Q&A w/Former Colorado PUC Chair Jeff Ackermann Part 3: The Collaboration Model for Distributed Energy Resources
Virtual Peaker recently spoke with Jeff Ackermann, the former chair of the Colorado Public Utilities Commission and current senior policy advisor at The Center for the New Energy Economy, about how utilities can work with regulators to adapt to the rapid changes in the distributed energy resources (DER) market. For Ackermann, collaboration, experimentation, and innovation are the key attributes that will help utilities be successful in the future.
How Can Regulators and Utilities Support Distributed Energy Resource Initiatives?
Jeff Ackermann: First, I want to be clear that I’m a former regulator, so what I’m sharing here solely represents my opinion and not that of the Colorado Public Utilities Commission.
I think we need to look at how we can change the rules a little for utilities to encourage them to innovate. In my opinion, we need to move closer to performance-based regulation (PBR) and performance-incentive mechanisms (PIMS) that are already happening in some states. It’s really all about performance. Utilities should be able to expect a reasonable and steady revenue flow, providing them a reasonable return on the assets they hold. We need to work closely with them to investigate what’s impeding progress and innovation.
What are some viable non-capital-intensive solutions? There are some states currently struggling with performance incentives, and I think part of the challenge is that they’re trying to simultaneously incent too much. Start with a few, high-priority performance objectives, such as carbon reduction (beyond statutory obligations).
Behavioral Modeling & Monitoring to Enhance Programmatic Goals
JA: When I talk about this topic, I like to use the analogy of good parenting and behavioral modeling and monitoring (admittedly a risky comparison for maintaining a healthy regulator-utility relationship). As a parent, would you suggest to your children that they pursue dozens and dozens of options—all at the same time—to discern their path forward and next steps? Or, would you hone in on a few options that have the best chance for success?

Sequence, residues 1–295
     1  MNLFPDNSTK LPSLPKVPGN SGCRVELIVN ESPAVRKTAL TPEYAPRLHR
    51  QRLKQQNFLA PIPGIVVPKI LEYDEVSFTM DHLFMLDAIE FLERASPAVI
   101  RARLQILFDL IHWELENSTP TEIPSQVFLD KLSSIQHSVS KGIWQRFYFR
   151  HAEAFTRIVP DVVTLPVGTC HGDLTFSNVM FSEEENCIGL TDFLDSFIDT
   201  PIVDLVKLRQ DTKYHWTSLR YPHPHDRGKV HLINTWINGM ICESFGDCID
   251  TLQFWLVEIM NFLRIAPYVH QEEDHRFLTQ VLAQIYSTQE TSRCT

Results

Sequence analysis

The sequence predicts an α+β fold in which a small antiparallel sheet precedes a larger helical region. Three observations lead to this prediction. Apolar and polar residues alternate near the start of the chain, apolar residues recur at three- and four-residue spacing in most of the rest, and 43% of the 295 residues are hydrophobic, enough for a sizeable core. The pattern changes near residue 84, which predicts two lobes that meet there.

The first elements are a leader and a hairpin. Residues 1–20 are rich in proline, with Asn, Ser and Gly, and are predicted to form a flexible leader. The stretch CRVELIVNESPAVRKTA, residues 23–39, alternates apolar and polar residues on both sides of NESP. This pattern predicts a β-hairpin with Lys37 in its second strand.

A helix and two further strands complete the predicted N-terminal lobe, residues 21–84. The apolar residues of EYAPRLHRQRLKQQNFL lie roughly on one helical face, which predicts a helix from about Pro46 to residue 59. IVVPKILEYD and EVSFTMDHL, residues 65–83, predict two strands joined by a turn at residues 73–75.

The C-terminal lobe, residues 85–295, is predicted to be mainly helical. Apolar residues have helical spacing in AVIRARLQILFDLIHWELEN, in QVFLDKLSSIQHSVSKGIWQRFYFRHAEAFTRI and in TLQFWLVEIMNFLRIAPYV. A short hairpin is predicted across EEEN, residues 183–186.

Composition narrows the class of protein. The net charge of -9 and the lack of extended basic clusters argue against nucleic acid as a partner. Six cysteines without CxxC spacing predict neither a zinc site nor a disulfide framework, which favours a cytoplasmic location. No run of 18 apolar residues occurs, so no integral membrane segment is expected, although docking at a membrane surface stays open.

Similarly, why do we give utilities 20 to 40 different things to measure? If regulators assume the parenting role, they should start with anywhere from two to five things to measure. And they should resist the urge to go too broad with something like a general decarbonization goal that lacks specific, quantifiable mileposts. Utilities operate better with discrete, measurable goals.
Developing a Utility Culture That Emphasizes DERs
JA: Fundamentally, the larger objective is to push on what I refer to as utility culture. To be successful, we need to demonstrate how change—moving towards a more distributed energy resources future—can be in their best interest. This is a new role for utilities and a new business model, and it won’t happen overnight. My bias leans towards regulation as a service, an approach in which we create opportunities but also set parameters and generally hold utilities harmless as they experiment and try new things. If we don’t create the environment for change, utilities won’t innovate at the rate our planet desperately needs. Real-time pilots, closely monitored, can help us all get there.
Interview Takeaways: Experimenting with Distributed Energy Resources
For decades, the primary goal for regulated utilities seems to have been to stay within the traditional (and narrow) lanes of their regulated monopolies. With distributed energy resources, it’s now clear that performance matters. Forward-thinking regulators should encourage utilities to experiment, try new approaches–some of which will fail–and learn from their mistakes. Pilot programs are a great way to test and refine ideas that can empower utilities and their customers, and lead to a more sustainable planet.
(Virtual Peaker asked Jeff Ackermann three primary questions, which we’re sharing in separate installments. See here for part 1 and part 2 of our conversation. The discussions have been edited for length and clarity.)